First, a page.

(avoiding any assumptions about the provider).
    Gold standard monitoring guidance, NICE guidance.
  • Balance and focus on evidence of outcomes and
    process measures, in such a way that will inform
    appropriate contract length. eg.12 months, 3
    years.

6
WCC for Stopping Smoking linking the 11
competencies
  • 10. Manage the local health system
  • Uses evidenced based information to inform the
    scale and scope of care of service, clinical
    outcome and patient safety SO THAT...
  • the best service model or configuration delivers
    acceptable outcomes for the community.
  • 11. Make Sound Financial Investments
  • - uses clear and comparative benchmarking
    information, to assist in obtaining value for
    money
  • - Financial costing is modelled taking
    into account fixed and variable
  • costs as the service increases or
    decreases. Eg. costs per quitter.

7
Commissioning Tools and Levers
  • Contracts and Service Level Agreements
  • content of service specifications, duration,
    monitoring
  • Local Enhanced Services (LESs) incentives
  • Care Pathways and Pathway redesign
  • Practice Based Commissioning
  • Quality and Outcomes Framework (QOF)
  • Social Marketing
  • Partnerships
  • 3rd Sector - Section 31. TSIP third sector
    investment programme

8
(No Transcript)
9
Integrated Service Framework- ISF
  • Evolved over the past 12 months pragmatic
  • framework that allows smokers to be
  • Identified (opportunistically) - in appropriate
    settings.
  • Offered a menu of stop smoking support
  • Signposted/referred to the support of choice
  • Co-ordinated by a central core function
  • Sits in line with current NHS Stop Smoking
  • Service and Monitoring Guidance 09/10
  • Has 4 elements
  • core team, settings, level of support and routine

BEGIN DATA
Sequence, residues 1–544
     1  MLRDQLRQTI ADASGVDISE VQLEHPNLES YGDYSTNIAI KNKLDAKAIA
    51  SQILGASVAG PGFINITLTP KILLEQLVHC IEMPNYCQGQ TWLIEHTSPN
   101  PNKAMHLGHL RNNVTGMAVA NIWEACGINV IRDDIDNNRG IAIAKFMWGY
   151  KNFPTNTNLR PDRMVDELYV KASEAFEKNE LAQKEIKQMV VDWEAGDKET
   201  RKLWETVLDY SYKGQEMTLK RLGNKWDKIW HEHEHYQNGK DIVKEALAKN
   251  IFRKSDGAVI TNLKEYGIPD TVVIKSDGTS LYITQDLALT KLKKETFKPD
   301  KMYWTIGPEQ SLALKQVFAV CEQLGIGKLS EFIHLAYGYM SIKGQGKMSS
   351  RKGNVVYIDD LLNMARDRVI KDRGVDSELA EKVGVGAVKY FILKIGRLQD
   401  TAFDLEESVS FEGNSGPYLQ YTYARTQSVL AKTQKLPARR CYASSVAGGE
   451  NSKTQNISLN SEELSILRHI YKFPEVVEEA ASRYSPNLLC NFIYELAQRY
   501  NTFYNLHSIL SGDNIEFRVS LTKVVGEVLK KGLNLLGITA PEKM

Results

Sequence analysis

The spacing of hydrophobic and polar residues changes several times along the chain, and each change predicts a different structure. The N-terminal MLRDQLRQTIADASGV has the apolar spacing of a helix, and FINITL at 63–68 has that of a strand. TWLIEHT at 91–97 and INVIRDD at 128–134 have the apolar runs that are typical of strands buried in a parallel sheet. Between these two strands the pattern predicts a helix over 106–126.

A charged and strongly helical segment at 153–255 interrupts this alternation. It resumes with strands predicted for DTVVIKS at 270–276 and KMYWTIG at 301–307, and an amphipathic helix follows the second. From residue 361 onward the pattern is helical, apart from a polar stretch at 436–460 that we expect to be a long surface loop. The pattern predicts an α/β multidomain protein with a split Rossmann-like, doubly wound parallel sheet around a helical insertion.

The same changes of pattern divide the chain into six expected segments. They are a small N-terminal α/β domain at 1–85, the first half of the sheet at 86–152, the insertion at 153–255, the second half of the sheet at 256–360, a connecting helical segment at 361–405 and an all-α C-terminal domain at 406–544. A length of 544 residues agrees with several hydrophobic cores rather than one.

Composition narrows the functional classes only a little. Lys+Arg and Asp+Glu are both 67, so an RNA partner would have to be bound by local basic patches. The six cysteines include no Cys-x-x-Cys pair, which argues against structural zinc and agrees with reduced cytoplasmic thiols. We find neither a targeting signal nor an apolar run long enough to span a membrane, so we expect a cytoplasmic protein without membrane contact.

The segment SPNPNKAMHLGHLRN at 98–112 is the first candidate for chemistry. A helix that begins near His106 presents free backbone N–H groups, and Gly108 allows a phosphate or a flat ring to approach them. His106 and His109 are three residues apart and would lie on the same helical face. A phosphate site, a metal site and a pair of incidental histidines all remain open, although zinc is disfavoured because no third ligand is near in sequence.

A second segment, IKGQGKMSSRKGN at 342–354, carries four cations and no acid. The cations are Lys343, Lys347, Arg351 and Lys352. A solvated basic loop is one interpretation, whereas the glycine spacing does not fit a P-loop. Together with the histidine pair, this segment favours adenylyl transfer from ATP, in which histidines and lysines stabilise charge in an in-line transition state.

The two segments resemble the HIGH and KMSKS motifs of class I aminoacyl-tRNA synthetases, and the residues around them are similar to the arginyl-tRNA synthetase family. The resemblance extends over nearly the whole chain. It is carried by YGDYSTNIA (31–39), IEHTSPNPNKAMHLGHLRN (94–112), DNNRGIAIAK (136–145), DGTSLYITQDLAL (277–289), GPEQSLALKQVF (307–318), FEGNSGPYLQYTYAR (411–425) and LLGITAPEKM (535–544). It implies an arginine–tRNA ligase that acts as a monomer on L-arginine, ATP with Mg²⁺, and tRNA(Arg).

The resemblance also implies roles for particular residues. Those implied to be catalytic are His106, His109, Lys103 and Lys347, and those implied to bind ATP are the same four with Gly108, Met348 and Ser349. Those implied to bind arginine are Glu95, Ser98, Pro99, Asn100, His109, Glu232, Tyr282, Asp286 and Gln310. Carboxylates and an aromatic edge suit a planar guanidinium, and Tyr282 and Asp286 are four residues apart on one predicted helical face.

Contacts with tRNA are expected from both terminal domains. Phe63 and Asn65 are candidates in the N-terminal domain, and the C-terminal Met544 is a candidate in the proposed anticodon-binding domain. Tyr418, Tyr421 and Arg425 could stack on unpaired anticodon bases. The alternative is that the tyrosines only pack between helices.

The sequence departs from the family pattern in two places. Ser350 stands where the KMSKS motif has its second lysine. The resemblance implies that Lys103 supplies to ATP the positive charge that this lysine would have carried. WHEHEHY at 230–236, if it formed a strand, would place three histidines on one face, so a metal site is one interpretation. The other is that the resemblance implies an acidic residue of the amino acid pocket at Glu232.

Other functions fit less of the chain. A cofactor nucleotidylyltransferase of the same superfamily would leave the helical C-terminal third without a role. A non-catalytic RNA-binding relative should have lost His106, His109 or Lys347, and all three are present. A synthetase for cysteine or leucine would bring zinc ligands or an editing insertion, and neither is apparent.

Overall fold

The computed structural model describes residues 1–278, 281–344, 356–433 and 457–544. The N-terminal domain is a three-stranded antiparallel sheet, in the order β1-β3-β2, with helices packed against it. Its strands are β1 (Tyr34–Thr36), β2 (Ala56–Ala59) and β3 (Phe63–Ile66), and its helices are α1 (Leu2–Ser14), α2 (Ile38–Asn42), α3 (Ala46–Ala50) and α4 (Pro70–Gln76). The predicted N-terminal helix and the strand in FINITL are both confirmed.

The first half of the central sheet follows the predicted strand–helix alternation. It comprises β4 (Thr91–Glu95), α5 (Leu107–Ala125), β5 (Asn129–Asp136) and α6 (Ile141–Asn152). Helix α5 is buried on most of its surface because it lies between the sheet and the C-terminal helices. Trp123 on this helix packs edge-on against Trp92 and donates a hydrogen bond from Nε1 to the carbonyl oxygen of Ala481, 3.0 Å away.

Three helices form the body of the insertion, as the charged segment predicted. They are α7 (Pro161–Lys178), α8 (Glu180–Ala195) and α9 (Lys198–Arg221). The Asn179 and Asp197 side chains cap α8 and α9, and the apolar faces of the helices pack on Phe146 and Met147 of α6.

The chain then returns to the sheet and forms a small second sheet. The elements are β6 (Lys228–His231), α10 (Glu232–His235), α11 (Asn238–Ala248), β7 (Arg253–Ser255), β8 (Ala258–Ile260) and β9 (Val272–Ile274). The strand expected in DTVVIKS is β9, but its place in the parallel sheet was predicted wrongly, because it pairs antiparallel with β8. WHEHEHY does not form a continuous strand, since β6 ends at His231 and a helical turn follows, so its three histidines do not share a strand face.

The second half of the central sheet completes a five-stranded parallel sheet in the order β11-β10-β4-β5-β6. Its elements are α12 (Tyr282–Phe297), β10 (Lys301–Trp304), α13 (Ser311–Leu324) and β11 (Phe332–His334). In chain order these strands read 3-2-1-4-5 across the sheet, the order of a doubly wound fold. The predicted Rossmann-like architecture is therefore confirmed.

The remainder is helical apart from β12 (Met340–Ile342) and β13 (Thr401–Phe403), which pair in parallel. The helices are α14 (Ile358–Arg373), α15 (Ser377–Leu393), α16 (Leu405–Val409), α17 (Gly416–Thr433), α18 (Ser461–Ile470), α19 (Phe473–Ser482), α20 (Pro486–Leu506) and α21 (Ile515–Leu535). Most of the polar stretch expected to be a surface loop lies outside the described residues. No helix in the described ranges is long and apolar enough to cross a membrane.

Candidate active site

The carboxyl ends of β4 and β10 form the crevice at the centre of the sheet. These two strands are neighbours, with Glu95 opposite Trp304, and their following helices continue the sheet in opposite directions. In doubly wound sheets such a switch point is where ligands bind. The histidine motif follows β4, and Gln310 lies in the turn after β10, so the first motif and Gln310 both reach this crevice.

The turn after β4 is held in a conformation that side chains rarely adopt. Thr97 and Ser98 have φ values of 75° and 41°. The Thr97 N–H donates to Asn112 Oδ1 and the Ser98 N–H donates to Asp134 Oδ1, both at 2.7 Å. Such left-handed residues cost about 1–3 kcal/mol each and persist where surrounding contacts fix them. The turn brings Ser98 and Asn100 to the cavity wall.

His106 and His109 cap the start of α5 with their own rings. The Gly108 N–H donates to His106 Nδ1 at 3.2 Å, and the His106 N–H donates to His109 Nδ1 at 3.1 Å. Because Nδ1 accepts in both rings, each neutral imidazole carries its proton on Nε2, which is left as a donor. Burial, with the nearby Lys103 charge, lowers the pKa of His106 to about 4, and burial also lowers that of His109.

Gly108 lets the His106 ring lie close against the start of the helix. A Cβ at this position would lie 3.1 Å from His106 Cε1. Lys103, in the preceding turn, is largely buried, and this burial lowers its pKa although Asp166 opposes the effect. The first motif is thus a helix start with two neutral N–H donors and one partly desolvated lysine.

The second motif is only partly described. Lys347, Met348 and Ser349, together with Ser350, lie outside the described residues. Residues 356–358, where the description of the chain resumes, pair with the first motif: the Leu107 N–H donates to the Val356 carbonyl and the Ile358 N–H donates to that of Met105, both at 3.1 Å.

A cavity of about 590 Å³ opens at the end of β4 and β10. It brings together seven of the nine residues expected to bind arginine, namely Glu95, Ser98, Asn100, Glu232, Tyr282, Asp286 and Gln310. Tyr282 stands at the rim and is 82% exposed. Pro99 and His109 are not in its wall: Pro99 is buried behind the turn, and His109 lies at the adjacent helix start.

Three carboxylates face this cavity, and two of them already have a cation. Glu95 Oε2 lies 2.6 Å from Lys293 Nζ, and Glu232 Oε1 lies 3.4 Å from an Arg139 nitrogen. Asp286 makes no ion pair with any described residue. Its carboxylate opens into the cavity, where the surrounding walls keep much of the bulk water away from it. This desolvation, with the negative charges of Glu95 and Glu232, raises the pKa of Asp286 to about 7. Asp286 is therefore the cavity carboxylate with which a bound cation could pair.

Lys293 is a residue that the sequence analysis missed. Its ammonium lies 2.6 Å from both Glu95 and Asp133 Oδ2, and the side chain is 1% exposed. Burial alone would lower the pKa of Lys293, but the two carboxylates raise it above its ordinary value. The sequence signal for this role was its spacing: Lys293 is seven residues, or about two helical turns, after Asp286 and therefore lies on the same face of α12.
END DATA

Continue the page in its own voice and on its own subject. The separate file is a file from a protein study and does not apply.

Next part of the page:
and manual

10
1. Core Team
  • Core Team refers to a team comprising of
    service manager, specialist advisors and support
    staff commissioned by the PCT.
  • Key objectives are
  • Develop and deliver local NHS SSS
  • Co-ordinate the network of support in the 6 key
    settings (develop and streamline care pathways)
  • Provide specialist support for smokers in high
    risk groups (RM, Pregnant smokers, BME)
  • Work in partnership with PH intelligence to
    assess needs and wants of local smokers
  • Ensure consistent effective support service
    user evaluation, adhering and advising on
    evidence base

11
2. Settings
  • Primary care GP practices, dentistry
  • Pharmacy
  • Community Settings (working with the third
    sector)
  • Maternity and Family Services
  • Secondary Care
  • Mental health
  • NB
  • Every setting provides opportunities to engage
    with smokers, utilising the skills of
    professionals and including access to stop
    smoking medicines
  • Every settings provides commissioners with
    opportunities to develop service pathways
    underpinned by local enhanced service contracts,
    service level agreements etc

12
3. Level of support
  • Level of support provided is determined by the
    setting and contractual agreement
  • All levels can be delivered in each setting as
    long as advisors are trained, resourced and
    supported by a core team
  • Very brief 30 second approach ASK, ADVICE and
    ACT
  • Brief 5 to 10 minutes of advice and referral
  • Intensive min of 1.5 hours of structured
    support including access to SS meds over a period
    of 4-weeks

13
4. Routine and Manual
  • 2 Public Service Agreements (PSA) relating to
    smoking prevalence
  • - To reduce prevalence among the general
    population to
  • 21 or less by 2010
  • - To reduce smoking prevalence in routine (RM)
    and
  • manual groups to 26 or less by 2010
  • In addition there is a health inequality PSA
  • - To reduce inequalities in health outcomes by
    10 as measured by infant mortality and life
    expectancy at birth
  • - Starting with children under 1 year, by 2010
    to reduce by at least 10 the gap in mortality
    between RM groups and the population as a whole